The other day, this happened to a luxury car I was trying to win. I got out when the price went up to just under 2.4 million yen, but after that, two companies remained and the price went up rapidly. Finally, the price soared to just under 2.5 million yen. I felt uncomfortable with the price increase, so I asked a friend of Company X. As a matter of fact, one of the bidders was Big Motor. There was no doubt in my mind that the post numbers (numbers given to exhibitors and bidders) were the same.

As a result, the competing used car vendor won the auction at a price nearly 100,000 yen higher than the original bid.

At auto auctions, only the person in charge of the auction organizer can know the information of the bidders and winners. I don’t think the other bidders imagined that they were competing with Big Motor, the seller.

Mr. B, another person involved in the auction company, continued, “Big Motor has a product management department.

At Big Motor, a department called the Product Management Department determines the desired sale price while examining the market. If the price is below that level, the company uses its own account to bid. Executives from Big Motor were also transferred to Company X’s predecessor company. The management, including former president Hiroyuki Kaneshige (72), must have been aware of the misconduct.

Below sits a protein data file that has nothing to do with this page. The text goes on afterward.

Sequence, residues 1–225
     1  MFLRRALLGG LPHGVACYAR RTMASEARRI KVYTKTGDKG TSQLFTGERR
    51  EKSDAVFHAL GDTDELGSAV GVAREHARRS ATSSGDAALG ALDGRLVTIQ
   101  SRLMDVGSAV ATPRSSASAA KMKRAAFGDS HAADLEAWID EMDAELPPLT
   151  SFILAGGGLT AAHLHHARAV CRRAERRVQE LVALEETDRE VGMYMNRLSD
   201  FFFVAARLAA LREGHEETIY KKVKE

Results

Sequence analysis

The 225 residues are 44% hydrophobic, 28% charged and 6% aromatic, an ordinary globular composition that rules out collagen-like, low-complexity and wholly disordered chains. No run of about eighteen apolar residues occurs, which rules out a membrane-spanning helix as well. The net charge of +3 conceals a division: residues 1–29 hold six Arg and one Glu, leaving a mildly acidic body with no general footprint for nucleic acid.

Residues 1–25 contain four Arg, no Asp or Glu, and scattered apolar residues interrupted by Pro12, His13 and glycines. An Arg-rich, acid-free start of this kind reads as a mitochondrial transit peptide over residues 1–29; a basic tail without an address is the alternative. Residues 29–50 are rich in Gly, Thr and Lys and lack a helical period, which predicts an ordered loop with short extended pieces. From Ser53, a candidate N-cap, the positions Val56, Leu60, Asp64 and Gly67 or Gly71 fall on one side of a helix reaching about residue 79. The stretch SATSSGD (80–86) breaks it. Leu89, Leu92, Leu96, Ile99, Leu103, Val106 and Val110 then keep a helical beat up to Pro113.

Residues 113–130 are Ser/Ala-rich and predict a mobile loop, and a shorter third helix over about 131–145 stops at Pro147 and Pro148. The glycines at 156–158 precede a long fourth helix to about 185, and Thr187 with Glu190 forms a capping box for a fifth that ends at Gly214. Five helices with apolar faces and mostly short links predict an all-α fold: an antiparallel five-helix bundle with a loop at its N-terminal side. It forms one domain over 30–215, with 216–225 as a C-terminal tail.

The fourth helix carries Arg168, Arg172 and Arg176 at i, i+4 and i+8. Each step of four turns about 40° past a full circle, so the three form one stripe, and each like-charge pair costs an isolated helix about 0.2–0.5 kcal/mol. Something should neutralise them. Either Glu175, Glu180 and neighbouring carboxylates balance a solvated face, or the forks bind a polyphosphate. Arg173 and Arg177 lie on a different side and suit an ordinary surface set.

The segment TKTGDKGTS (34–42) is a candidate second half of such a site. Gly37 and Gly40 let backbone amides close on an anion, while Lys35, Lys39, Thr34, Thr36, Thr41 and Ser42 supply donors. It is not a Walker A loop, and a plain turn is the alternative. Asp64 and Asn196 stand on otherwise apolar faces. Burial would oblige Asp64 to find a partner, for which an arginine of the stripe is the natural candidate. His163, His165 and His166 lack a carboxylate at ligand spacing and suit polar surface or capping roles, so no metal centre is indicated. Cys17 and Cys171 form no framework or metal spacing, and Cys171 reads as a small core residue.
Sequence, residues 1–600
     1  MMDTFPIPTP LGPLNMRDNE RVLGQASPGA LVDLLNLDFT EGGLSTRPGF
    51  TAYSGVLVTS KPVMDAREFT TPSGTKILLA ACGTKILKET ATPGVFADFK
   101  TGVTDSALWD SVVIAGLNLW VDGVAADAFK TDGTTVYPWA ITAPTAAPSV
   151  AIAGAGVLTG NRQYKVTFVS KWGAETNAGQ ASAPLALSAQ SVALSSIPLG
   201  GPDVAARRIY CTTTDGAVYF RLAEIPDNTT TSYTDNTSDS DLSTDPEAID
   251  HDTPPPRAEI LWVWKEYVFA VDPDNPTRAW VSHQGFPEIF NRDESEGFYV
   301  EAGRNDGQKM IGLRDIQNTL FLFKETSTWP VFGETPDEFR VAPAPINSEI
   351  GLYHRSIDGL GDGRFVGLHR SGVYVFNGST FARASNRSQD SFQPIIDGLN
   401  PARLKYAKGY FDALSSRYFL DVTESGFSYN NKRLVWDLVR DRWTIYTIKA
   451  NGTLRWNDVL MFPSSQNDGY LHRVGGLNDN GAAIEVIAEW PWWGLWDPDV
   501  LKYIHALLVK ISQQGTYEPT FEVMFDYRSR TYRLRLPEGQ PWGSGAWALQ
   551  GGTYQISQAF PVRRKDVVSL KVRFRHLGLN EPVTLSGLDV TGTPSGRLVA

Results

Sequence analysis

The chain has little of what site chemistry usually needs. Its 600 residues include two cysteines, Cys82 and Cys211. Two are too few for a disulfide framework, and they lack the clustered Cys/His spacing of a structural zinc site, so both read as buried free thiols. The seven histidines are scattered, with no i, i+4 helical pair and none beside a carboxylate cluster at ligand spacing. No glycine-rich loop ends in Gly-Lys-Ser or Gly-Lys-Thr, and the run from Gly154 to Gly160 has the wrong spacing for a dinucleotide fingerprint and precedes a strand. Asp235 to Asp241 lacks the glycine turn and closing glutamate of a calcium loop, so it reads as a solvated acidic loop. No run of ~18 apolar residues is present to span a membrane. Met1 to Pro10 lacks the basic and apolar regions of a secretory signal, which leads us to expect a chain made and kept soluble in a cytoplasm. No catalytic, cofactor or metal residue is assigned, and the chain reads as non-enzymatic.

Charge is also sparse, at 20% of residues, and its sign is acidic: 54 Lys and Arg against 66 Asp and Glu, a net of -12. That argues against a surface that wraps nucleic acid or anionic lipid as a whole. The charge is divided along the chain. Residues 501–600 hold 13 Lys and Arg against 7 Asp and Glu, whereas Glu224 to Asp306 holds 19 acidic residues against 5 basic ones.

Company X operates nationwide, with 3,000 to 4,000 vehicles sold at a single auction at its largest site in the Kanto region. Mr. B is outraged.

Mr. B expressed his resentment, saying, “The current auctions are like a situation where each vendor is buying at Big Motor’s bidding price. The one who is cheating is the one who gets the sweetest ……. I don’t think such a thing should ever be allowed to happen.

Company X Tacitly Approves of Fraud

Both Mr. A and Mr. B assert that “Company X is aware of this and tacitly approves of it. This is supported by the unbelievable cancellation fees.

Company A and Company B both confirm this, saying, “If you continue to bid unfairly, of course you will often end up winning the bid for your own car. It’s about 30 percent of the total. In that case, we cancel the winning bid, but normally it would cost more than 60,000 yen per car in penalties and fees. However, Big Motor pays only a few thousand yen to Company X for each cancellation. So Big Motor can bid anyway, and if they win the bid, they can cancel it.

There is also an advantage if you do not cancel. The winning bid price will remain as a history, and the market price of the same car model will be determined afterwards with reference to it. In other words, as a result, the market price is raised, and there is a possibility of selling the car at a higher price.